Geoderma, 2010, Vol.157(1), pp.1-14
Paddy soils make up the largest anthropogenic wetlands on earth. They may originate from any type of soil in pedological terms, but are highly modified by anthropogenic activities. The formation of these Anthrosols is induced by tilling the wet soil (puddling), and the flooding and drainage regime associated with the development of a plough pan and specific redoximorphic features. Redox potential oscillations due to paddy management control microbial community structure and function and thus short-term biogeochemical processes. After flooding, microbial reduction processes sequentially use NO , Mn , Fe , SO as electron acceptors, accompanied by the emission of the trace gases N O, N , H S, CH and — due to reduction-induced increasing pH — NH . This results in N losses and low N fertilizer use efficiency. However, transport of atmospheric O to the roots via the rice plant's aerenchyma modifies conditions in the rhizosphere, leading to nitrification and methane oxidation, and precipitation of Mn and Fe oxides. High concentrations and fluxes of dissolved organic matter (DOM) in paddy soils from plant debris trigger microbial activity and thus the emission of greenhouse gases. Retention of DOM by soil minerals and its subsequent stabilisation against microbial decay depend on the redox state (e.g. DOM precipitation by Fe under anaerobic conditions). Oscillation in redox conditions may enhance retention and stabilisation of DOM by Fe oxyhydroxides. Induced by the periodic short-term redox cycles, paddy management over long periods has strong effects on long-term biogeochemical processes. Frequent irrigation intensifies mineral weathering and leaching processes. High concentrations of DOM during flooding seasons enhance the changes and the release of structural iron in clay minerals, and support the formation of ferrihydrite. Repeated redox alternations lead to a translocation of iron in various directions, and particularly increase the crystallinity of iron oxides. This results also in higher total iron oxide contents in paddy compared to non-paddy soils. The large accumulation of soil organic matter (SOM) observed in some, but not all paddy soils, is considered to be due to high input of plant residues and charred material associated with retarded decomposition under anaerobic conditions. There is also evidence of SOM stabilisation via occlusion into aggregates and phytoliths as well as interactions with clay minerals and iron oxides. SOM accumulation in paddy subsoils can be explained by downward movement of DOM and its stabilisation by interaction with iron oxides. A specific feature of paddy soils is the coupling of organic matter turnover with mineral transformations and fluxes, which seem to be intensified by the alternating redox conditions with increasing age of paddy soil development. Bioavailability of soil organic N is strongly coupled to SOM cycling and is a crucial parameter determining crop yield. Anaerobic conditions inhibit N mineralization, with a high risk of gaseous N losses. In paddy soils the management-induced, microbially mediated redox processes control the dynamics of soil minerals and soil organic matter, which are strongly related to the microbial accessibility of C and N, but also of Fe.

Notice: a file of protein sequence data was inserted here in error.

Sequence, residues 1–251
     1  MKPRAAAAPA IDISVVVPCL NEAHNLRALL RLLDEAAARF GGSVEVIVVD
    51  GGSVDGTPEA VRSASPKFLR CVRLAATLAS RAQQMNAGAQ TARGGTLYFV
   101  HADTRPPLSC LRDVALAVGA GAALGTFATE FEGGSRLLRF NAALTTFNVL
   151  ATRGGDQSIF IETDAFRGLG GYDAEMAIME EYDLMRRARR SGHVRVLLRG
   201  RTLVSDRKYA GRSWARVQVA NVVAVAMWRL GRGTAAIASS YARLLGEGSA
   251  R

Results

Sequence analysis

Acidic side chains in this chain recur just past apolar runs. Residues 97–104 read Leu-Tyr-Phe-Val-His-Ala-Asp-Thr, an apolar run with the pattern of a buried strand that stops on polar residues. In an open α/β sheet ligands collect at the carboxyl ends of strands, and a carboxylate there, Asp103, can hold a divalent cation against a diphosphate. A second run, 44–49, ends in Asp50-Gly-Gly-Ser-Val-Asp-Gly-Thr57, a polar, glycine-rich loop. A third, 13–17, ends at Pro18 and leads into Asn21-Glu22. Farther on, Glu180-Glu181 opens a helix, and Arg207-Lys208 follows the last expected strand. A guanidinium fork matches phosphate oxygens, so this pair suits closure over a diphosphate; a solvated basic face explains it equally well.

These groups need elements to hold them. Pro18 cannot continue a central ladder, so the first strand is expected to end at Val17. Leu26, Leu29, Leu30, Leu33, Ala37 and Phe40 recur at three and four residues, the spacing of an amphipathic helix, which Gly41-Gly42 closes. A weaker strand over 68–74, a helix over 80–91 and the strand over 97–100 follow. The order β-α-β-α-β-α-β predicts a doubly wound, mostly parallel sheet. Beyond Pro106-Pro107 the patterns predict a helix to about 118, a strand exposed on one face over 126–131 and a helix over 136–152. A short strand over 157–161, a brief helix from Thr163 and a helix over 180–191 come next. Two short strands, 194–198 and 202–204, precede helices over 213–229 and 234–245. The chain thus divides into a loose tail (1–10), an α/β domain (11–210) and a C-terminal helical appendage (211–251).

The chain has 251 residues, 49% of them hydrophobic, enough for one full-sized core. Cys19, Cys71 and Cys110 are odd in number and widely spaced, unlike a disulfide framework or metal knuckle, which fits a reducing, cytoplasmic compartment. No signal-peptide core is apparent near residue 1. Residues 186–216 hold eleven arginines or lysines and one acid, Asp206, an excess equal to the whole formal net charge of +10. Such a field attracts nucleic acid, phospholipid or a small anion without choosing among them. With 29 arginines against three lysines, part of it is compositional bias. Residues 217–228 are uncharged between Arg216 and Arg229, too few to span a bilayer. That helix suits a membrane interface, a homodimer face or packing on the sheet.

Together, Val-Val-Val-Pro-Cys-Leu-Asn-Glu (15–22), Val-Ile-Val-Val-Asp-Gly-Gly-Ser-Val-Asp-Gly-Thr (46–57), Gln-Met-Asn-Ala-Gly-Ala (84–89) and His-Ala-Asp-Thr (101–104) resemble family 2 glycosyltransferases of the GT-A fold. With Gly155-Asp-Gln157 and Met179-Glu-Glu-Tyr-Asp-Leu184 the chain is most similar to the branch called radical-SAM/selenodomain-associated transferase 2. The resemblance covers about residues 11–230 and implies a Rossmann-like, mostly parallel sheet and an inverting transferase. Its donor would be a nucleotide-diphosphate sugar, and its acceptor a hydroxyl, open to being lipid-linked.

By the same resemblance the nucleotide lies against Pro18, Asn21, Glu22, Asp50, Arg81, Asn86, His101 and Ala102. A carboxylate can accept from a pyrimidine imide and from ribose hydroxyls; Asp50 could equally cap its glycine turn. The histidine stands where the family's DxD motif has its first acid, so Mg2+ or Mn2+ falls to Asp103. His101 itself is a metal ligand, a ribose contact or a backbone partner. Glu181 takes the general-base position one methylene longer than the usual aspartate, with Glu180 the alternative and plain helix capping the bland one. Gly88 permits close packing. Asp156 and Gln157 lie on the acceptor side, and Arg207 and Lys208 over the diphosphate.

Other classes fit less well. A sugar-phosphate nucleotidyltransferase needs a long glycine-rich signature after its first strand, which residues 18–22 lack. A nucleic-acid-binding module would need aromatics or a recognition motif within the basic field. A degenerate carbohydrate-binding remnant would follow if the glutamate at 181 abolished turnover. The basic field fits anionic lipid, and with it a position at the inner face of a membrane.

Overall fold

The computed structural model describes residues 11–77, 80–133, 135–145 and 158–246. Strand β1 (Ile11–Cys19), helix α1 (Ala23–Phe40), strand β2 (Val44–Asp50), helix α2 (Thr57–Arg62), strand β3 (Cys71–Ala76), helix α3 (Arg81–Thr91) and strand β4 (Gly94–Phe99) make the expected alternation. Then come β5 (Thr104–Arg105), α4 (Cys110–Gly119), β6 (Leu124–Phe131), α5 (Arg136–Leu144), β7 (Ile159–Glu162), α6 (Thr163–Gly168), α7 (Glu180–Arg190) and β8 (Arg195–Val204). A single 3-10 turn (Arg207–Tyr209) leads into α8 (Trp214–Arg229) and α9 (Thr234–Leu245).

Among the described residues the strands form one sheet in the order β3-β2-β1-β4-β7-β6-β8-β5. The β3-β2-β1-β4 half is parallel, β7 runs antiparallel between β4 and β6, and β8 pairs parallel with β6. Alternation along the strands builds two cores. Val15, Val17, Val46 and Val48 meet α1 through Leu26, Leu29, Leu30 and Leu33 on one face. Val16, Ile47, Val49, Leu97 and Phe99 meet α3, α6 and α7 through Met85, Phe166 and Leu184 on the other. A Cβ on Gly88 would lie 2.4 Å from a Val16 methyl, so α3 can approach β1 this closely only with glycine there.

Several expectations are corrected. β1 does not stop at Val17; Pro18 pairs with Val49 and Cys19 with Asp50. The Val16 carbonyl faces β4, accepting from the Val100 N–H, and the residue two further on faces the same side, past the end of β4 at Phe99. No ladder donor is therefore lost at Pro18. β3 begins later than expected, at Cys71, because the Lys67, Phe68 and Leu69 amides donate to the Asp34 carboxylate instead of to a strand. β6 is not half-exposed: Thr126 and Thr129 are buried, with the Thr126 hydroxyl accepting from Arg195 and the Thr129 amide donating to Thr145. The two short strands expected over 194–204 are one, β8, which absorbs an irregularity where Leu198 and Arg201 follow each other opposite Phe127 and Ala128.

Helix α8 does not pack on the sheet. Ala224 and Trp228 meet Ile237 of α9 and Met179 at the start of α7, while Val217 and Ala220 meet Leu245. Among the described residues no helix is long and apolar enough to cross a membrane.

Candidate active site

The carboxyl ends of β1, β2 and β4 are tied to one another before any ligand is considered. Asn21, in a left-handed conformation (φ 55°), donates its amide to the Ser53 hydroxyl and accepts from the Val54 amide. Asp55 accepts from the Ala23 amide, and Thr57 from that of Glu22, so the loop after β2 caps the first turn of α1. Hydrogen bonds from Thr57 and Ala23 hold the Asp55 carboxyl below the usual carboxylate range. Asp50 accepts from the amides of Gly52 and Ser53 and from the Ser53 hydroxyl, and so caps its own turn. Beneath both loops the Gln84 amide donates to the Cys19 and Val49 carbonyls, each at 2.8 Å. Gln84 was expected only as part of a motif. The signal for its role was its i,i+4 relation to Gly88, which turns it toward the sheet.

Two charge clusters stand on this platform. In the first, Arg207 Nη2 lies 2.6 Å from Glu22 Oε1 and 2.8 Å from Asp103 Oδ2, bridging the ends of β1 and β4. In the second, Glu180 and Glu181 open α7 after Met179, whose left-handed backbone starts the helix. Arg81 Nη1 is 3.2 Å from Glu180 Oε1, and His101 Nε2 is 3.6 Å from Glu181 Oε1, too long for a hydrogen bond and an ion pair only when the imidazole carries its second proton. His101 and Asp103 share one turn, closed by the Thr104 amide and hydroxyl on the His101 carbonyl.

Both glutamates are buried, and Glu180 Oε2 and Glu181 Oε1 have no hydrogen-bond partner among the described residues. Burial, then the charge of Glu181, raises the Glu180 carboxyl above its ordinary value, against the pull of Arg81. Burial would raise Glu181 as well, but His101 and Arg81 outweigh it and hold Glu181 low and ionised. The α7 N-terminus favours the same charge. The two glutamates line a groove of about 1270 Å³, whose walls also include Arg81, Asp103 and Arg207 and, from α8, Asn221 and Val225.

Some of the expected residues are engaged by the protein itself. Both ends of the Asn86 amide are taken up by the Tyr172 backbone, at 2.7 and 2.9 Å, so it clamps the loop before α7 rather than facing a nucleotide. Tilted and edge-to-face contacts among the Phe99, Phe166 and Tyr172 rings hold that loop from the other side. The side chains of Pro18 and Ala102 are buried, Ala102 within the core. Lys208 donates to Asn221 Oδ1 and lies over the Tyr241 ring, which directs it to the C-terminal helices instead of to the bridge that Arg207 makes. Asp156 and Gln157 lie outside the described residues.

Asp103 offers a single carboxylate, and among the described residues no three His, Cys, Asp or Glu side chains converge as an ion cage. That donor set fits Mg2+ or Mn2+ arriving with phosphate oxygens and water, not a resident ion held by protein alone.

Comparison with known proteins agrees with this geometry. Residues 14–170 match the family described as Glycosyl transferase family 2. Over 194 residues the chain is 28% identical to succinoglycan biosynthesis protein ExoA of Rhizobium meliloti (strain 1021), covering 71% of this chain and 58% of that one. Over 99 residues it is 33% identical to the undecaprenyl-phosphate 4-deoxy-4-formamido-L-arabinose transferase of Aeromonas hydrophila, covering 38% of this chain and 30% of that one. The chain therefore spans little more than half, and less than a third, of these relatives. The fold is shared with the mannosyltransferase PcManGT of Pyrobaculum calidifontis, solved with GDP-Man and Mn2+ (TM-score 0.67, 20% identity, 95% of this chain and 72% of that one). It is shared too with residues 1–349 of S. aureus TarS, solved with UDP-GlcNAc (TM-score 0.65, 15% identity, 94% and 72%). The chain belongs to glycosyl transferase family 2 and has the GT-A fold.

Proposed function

Anthrosols ; Wetland ; Paddy Management ; Mineral Transformation ; Soil Organic Matter ; Soil N ; Soil Solution Chemistry ; Microbial Community ; Agriculture
View record in ScienceDirect (Access to full text may be restricted)